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Martinez v. Petrenko

United States Court of Appeals, First Circuit

July 6, 2015

GABRIEL F. MARTINEZ, Plaintiff, Appellant,
v.
VICTOR F. PETRENKO, Defendant, Appellee

As amended July 16, 2015.

APPEAL FROM THE UNITED STATES DISTRICT COURT FOR THE DISTRICT OF NEW HAMPSHIRE. Hon. Joseph A. DiClerico, Jr., U.S. District Judge.

Benjamin T. King, with whom Douglas, Leonard & Garvey, P.C. was on brief, for appellant.

Martha Van Oot, with whom Jackson Lewis, P.C. was on brief, for appellee.

Before Howard, Chief Judge, Selya and Kayatta, Circuit Judges.

OPINION

KAYATTA, Circuit Judge.

To maintain a private action under the Fair Labor Standards Act (" FLSA" or " the Act" ) for a failure to pay for overtime at the mandated rate, an employee must prove a nexus to interstate commerce sufficient to trigger coverage under the Act. The employee can prove this nexus by showing that the employee engaged in commerce for the employer within the meaning of the Act, or by showing that the employer has other employees who engaged in commerce within the meaning of the Act and that the employer also generated annual gross sales of not less than $500,000. In filing this lawsuit asserting an FLSA claim for unpaid overtime, Gabriel Martinez alleged that his employer engaged in commerce within the meaning of the Act and generated annual gross sales of not less than $500,000. While this allegation served to fend off a motion to dismiss, Martinez was ultimately unable to ferret out any evidence to prove that his employer's sales were high enough to trigger coverage under the Act.

Eventually confronted with a motion for summary judgment based on the fact that his employer's annual gross sales were less than $500,000, Martinez pointed to evidence that he himself engaged in commerce within the meaning of the Act. Finding that this change in the way Martinez proposed to establish coverage came too late, the district court granted summary judgment against Martinez on his FLSA claim. For other reasons, the court also granted summary judgment on Martinez's state-law claims. We affirm.

I. Background

A. Statutory Background

An employee enjoys the protections of the FLSA's overtime pay requirements only when either the employee individually or the employer's enterprise as a whole is " engaged in commerce or in the production of goods for commerce." 29 U.S.C. § 207(a)(1). The burden is on the employee to prove a sufficient nexus to interstate commerce as an essential element of the claim. See Chao v. Hotel Oasis, Inc., 493 F.3d 26, 32-33 & n.6 (1st Cir. 2007) (holding that coverage is " an element of the claim," and that the defendants' stipulation relieved the plaintiff of her burden to prove it).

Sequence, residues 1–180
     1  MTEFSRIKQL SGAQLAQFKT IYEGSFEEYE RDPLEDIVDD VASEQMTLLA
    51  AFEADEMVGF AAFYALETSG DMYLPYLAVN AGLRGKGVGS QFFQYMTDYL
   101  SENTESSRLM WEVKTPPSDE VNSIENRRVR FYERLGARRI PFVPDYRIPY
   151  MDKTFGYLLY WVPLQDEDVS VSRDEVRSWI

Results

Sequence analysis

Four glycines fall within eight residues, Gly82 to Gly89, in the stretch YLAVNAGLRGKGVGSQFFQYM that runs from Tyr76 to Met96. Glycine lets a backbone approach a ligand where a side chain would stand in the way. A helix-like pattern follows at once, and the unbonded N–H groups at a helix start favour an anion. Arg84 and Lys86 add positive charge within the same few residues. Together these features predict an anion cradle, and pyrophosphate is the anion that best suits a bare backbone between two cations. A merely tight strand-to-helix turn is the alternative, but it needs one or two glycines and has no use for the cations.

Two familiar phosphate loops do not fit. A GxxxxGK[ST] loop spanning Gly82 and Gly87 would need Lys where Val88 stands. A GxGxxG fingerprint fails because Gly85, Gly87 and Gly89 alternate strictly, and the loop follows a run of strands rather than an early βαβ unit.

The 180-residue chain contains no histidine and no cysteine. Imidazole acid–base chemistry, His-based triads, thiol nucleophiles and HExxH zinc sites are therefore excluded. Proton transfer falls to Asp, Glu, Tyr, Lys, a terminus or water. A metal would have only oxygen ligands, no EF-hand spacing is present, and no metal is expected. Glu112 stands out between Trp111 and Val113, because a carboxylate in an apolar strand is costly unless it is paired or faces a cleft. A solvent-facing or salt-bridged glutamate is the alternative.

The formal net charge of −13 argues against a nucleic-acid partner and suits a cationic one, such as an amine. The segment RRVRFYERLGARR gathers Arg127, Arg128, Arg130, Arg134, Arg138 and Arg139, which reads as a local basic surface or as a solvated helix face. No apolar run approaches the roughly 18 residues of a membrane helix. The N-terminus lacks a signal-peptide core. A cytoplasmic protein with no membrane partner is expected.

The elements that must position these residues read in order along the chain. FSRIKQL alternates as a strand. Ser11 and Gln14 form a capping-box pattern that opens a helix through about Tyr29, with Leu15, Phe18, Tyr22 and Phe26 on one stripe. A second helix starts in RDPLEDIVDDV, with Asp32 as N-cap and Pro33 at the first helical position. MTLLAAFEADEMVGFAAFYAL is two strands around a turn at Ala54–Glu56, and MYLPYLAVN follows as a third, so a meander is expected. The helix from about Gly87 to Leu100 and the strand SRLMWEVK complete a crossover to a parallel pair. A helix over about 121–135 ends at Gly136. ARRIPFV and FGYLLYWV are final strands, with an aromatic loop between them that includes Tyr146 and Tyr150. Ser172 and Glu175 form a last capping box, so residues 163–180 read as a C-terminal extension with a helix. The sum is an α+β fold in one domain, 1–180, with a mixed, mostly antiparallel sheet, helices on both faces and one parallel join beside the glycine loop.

FLSA coverage triggered by the business activities of the employer (often called " enterprise coverage" ) requires a showing that the employer:

(i) has employees engaged in commerce or in the production of goods for commerce, or that has employees handling, selling, or otherwise working on goods or materials ... have been moved in or produced for commerce by any person; and (ii) is an enterprise whose annual gross volume [" AGV" ] of sales made or business done is not less than $500,000 . . . .

29 U.S.C. § 203(s)(1)(A); see also 29 C.F.R. § 779.259 (defining " [w]hat is included in annual gross volume" ).

How one shows that coverage is triggered by the activities of the individual employee (so-called " individual coverage" ) is less clear. Neither the statute nor our circuit precedent offers any road map. Other circuits have held that the employee must " directly participate" in the movement of persons or things in interstate commerce, but this can be satisfied through regular use of an instrument of interstate commerce, such as by using a telephone to call other states for business purposes. See, e.g., Reagor v. Okmulgee Cnty. Family Res. Ctr., 501 F.App'x 805, 809 (10th Cir. 2012) (internal quotation marks and alterations omitted). What is clear, in any event, is that the facts capable of establishing individual coverage are different from those supporting a theory of enterprise coverage. To establish individual coverage, the employee must present facts showing his own activities. To establish enterprise coverage, the employee instead must present facts showing the activities of other employees, and the employer's sales.

B. Factual Background

As this is an appeal from a grant of summary judgment, we recite the facts in the light most favorable to Martinez, the non-movant, and we draw all reasonable inferences in his favor. See Ramos-Santiago v. ...


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